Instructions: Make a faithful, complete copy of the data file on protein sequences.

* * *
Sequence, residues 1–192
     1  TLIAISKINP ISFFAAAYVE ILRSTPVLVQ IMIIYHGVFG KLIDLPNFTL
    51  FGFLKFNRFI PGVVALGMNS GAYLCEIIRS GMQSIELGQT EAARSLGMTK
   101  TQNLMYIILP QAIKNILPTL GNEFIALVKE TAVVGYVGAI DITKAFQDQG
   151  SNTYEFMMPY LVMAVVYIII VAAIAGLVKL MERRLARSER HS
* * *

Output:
Sequence, residues 1–192
     1  TLIAISKINP ISFFAAAYVE ILRSTPVLVQ IMIIYHGVFG KLIDLPNFTL
    51  FGFLKFNRFI PGVVALGMNS GAYLCEIIRS GMQSIELGQT EAARSLGMTK
   101  TQNLMYIILP QAIKNILPTL GNEFIALVKE TAVVGYVGAI DITKAFQDQG
   151  SNTYEFMMPY LVMAVVYIII VAAIAGLVKL MERRLARSER HS